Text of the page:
The main double-and-add loop, originally devised to run on an HP-41C pocket calculator, computes P(n) mod n and the reverse P(−n) mod n at the cost of six modular squarings for each bit of n.

The subscripts of the Perrin numbers are doubled using the identity P(2t) = P2(t) − 2P(−t). The resulting gaps between P(±2t) and P(±2t ± 2) are closed by applying the defining relation P(t) = P(t − 2) + P(t − 3).

Initial values
let int u(0):= 3, u(1):= 0, u(2):= 2
let int v(0):= 3, v(1):=−1, v(2):= 1

Test odd positive number n
input int n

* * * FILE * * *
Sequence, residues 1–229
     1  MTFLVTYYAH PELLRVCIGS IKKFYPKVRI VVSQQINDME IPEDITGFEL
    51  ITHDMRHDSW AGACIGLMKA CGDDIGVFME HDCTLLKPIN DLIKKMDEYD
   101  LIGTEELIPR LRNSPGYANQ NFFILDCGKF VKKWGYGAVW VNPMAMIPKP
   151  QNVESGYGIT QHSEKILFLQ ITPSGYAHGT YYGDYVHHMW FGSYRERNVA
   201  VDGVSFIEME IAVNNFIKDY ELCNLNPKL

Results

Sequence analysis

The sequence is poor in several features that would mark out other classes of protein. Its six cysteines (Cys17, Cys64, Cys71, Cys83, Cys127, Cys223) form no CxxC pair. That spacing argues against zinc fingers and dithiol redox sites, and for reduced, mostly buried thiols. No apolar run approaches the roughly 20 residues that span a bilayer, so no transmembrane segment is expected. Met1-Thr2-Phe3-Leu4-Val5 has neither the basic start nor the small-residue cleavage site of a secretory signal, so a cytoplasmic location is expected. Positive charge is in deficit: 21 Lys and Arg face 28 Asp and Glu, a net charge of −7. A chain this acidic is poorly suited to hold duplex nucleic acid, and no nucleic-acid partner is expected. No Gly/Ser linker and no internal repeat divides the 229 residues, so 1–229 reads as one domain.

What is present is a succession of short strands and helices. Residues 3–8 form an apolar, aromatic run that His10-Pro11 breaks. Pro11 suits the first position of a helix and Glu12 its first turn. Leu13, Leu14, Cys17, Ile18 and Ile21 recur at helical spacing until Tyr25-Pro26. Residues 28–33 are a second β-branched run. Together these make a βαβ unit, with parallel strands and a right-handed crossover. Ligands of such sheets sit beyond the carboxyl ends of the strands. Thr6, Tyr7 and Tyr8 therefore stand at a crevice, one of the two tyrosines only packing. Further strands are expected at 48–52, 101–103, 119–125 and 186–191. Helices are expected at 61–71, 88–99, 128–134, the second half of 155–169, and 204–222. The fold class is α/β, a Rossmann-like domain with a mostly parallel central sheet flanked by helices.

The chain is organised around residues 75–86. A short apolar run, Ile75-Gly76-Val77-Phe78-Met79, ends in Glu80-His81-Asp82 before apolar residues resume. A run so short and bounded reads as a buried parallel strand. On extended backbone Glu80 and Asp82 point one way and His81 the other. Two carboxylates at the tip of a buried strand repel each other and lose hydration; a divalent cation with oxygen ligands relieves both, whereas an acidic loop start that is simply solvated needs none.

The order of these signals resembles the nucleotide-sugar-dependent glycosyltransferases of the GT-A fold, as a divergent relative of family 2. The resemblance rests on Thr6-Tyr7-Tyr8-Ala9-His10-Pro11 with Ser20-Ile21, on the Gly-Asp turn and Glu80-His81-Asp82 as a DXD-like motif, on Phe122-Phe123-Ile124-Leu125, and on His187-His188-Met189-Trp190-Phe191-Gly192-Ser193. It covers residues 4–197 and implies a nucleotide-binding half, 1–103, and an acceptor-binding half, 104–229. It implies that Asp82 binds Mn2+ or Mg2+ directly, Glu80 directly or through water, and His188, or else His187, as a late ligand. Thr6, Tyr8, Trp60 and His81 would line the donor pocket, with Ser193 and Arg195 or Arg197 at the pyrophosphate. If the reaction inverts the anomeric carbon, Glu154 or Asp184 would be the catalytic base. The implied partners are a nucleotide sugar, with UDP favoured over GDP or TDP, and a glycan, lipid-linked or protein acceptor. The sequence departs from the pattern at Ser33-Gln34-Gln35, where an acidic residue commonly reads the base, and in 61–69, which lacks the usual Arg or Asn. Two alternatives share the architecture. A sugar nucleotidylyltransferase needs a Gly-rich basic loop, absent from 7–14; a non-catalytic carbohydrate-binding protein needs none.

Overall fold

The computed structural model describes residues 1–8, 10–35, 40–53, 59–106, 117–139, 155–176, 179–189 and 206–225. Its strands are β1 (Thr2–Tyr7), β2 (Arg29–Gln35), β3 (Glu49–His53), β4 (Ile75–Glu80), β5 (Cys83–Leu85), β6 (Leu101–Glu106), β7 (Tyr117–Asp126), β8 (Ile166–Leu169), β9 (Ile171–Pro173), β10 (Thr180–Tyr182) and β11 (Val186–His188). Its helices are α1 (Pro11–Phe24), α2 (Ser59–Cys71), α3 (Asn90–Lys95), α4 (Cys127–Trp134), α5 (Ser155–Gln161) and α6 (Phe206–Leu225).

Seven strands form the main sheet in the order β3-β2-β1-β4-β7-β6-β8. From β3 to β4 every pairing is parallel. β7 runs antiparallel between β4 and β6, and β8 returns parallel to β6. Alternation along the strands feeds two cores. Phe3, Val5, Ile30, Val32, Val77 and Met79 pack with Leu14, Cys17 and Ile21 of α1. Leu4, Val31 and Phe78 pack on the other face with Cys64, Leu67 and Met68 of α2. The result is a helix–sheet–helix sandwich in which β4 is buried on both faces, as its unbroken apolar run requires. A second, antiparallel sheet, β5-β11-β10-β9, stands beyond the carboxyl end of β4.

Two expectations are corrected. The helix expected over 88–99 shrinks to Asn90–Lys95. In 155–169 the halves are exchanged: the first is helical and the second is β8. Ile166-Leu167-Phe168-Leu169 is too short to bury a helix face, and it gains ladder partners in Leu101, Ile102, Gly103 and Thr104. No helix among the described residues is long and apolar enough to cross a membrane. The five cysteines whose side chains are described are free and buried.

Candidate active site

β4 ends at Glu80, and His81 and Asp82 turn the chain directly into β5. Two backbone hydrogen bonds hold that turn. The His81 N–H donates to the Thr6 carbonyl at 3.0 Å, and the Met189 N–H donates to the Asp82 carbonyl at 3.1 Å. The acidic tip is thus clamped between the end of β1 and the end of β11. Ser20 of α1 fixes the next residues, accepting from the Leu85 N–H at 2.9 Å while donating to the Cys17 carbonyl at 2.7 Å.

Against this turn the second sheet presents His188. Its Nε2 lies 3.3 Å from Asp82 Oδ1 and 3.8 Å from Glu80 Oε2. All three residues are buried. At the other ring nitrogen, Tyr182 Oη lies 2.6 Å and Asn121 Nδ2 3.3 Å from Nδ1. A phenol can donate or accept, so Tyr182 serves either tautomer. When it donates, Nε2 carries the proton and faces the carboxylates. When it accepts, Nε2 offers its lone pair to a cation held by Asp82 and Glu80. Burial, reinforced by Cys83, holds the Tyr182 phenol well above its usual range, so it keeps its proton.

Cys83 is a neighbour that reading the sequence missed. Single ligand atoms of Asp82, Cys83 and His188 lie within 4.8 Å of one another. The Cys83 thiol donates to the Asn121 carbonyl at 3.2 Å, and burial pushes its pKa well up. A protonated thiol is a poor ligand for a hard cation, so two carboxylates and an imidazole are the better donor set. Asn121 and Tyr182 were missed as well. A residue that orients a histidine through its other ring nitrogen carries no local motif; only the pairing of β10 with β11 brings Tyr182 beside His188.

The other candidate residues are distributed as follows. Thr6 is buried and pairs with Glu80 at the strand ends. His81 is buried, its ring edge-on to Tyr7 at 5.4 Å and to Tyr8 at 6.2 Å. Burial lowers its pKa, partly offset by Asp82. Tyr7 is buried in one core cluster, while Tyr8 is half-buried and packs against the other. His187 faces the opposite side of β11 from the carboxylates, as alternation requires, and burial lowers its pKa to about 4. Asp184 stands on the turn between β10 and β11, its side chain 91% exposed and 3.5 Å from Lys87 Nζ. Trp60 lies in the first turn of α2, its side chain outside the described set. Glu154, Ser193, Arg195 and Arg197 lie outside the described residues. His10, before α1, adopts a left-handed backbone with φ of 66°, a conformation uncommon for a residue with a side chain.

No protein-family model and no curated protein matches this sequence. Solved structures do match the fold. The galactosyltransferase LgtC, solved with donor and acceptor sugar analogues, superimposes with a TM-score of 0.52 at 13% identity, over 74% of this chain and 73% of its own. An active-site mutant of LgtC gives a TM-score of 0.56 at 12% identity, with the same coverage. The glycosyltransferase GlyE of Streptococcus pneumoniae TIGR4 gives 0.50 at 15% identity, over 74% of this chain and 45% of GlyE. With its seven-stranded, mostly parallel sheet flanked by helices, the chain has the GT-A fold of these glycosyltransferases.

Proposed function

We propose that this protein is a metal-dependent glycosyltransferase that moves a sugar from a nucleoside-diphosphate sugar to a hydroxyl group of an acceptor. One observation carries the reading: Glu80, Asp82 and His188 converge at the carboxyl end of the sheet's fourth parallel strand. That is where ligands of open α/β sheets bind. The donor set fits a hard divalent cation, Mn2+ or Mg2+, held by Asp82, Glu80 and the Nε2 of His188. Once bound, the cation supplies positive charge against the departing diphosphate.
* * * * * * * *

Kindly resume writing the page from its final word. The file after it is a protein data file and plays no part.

set int h:= most significant bit of n

for k:= h − 1 downto 0

Double the indices of
the six Perrin numbers.
for i = 0, 1, 2
temp:= u(i)^2 − 2v(i) (mod n)
v(i):= v(i)^2 − 2u(i) (mod n)
u(i):= temp
endfor

Copy P(2t + 2) and P(−2t − 2)
to the array ends and use
in the if-statement below.
u(3):= u(2)
v(3):= v(2)

Overwrite P(2t ± 2) with P(2t ± 1)
temp:= u(2) − u(1)
u(2):= u(0) + temp
u(0):= temp

Overwrite P(−2t ± 2) with P(−2t ± 1)
temp:= v(0) − v(1)
v(0):= v(2) + temp
v(2):= temp

if n has bit k set then
Increase the indices of
both Perrin triples by 1.
for i = 0, 1, 2
u(i):= u(i + 1)
v(i):= v(i + 1)
endfor
endif

endfor

Result
print v(2), v(1), v(0)
print u(0), u(1), u(2)


Successively P(−n − 1), P(−n), P(−n + 1) and P(n − 1), P(n), P(n + 1) (mod n).

If P(−n) = −1 and P(n) = 0 then n is a probable prime, that is: actually prime or a restricted Perrin pseudoprime.